The Australian Council of Trade Unions has cast doubt on the JobMaker program, claiming it could incentivise businesses to “churn through” employees and discourage long-term employment.
“The problem with this subsidy is that it can be for casual, insecure, short term and part time jobs,” ACTU President Michelle O’Neill told ABC Radio National’s Breakfast program.
“In fact, the employer can get double the subsidy by giving two people a part-time job than if they gave one person a full-time job, and for many young people, particularly those on youth wages, you can't live on a job that gives you 20 hours a week, it's just not enough to put food on the table.”
Businesses, banks rejoice
Business Council of Australia chief executive Jennifer Westacott said the budget would drive job creation through spurring investment and subsidising wages.
"Well I think we can be pretty confident that businesses will hire. For a couple of reasons. First of all, there's a huge package to drive extra investment and we know that when businesses invest that they create jobs," she told the ABC.
"So I think Australians can be very confident that those initiatives last night will see investment and will see job creation."
Ms Westacott said the asset write-off for businesses would encourage spending.
"The beauty of what the government has announced last night is that it will cover the entire economy. And those businesses often say, look I've still got all of the demand, I've got the demand for meat productions I just need new equipment. I need to make that stack up," she said.
"So they start putting on extra plant and equipment. That means they create a work order for someone who builds that equipment. They create a work order for someone to deliver it. They upgrade their IT. They upgrade all their systems. If you're a tradie, you buy new tools, you buy a new ute. Suddenly, you're getting back in business."
National Australia Bank chief executive Ross McEwan has praised the instant asset write-offs, tax cuts, research funding and stimulus measures in the budget.
"The tax incentives to encourage businesses to invest and wage subsidies to create more jobs will be significant contributors to rebuilding Australia’s economy," Mr McEwan said.
“Getting businesses going again isn’t just the responsibility of governments. Companies like NAB must also step up. We all have a responsibility to do our part to ensure Australia emerges as a stronger global player on the other side of this.”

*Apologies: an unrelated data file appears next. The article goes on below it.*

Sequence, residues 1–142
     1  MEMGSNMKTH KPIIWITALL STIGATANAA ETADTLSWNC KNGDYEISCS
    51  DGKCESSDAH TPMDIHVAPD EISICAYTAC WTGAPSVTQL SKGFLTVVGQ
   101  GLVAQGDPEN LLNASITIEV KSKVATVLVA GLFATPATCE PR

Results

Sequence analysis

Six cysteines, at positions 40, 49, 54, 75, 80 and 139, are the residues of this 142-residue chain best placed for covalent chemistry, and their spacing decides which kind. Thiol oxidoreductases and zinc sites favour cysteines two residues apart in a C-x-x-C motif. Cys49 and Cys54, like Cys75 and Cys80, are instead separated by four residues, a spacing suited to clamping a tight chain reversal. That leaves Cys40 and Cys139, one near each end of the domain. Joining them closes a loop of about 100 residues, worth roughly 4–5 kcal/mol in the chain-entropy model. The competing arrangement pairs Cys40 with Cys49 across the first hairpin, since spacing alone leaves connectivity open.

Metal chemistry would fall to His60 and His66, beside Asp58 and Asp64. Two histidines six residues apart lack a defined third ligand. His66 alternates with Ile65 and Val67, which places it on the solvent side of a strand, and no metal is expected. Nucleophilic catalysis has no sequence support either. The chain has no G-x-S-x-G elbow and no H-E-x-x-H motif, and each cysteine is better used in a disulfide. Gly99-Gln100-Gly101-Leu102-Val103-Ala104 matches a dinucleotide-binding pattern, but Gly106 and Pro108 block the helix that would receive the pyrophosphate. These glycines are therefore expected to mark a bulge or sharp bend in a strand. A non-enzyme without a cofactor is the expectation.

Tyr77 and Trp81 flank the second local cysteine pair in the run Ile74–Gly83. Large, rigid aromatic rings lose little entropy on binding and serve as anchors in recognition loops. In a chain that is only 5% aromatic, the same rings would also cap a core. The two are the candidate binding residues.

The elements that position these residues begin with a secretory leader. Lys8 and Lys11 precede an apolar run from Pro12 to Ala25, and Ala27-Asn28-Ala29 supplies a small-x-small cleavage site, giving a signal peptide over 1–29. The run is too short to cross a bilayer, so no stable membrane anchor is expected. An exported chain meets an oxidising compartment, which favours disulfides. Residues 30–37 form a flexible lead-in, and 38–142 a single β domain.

Former Australian Medical Association president Tony Bartone says, while funding for the nation's pandemic emergency response, aged care and mental health were among a number of positive announcements, there are "still things that need to be addressed".
"If we look at public hospital, elective surgery waiting lists and emergency department waiting times … [there] were record wait times in a number of our states and jurisdictions [before the pandemic]," he told Today.
"During the COVID pandemic, obviously we had elective surgery frozen in many states and, indeed, in Victoria, for a significant period of time. That's going to put back pressure on people waiting for elective surgery."
Asked for his thoughts the budget assumption that all Australians would be vaccinated against coronavirus by the end of next year, Dr Bartone said a mid-2021 vaccine arrival was "probably the best approximate time frame", but "there is no guarantee".
"In the immediate outlook, it is steady as she goes and positive signs at this stage," he said of public health funding in the budget more generally.
The Australian Council of Social Service said the budget ignored the unemployed and those on low-incomes, with tax breaks given to those who already have a job.
"It's a crushing letdown for people on JobKeeper who are facing the prospects of no confidence, no certainty, no adequacy of their incomes coming to the end of the year," the council's chief executive Cassandra Goldie said on ABC Radio National.
"There's nothing in the budget beyond the end of the year in terms of fixing the level of social security for people who are affected the worst by this pandemic."
Mr Frydenberg said JobSeeker recipients will need to wait until the end of the year to see what happens to their payments, denying the absence of an announcement about the supplement on Tuesday night means it will definitely disappear in December.
"Both the Prime Minister and I have made clear that, closer to the end of the year, we will make a decision about the future level of that payment," Mr Frydenberg told Ben Fordham on 2GB.
"And that will be based on an understanding of where the labour market dynamic is, because obviously you want to get that payment at the right level so that it encourages mobility in the labor market and people moving into jobs where they're available."
The JobSeeker payment replaced the Newstart allowance of about $40 a day in March.
Last month, the JobSeeker rate dropped by $300 a fortnight, due to a reduction in the extra coronavirus supplement available to those who received the payments.
Ms Goldie also highlighted a lack of attention for those on temporary visas who are not entitled to any government support, and little investment in affordable housing.
With Charlotte Grieve, Mathew Dunckley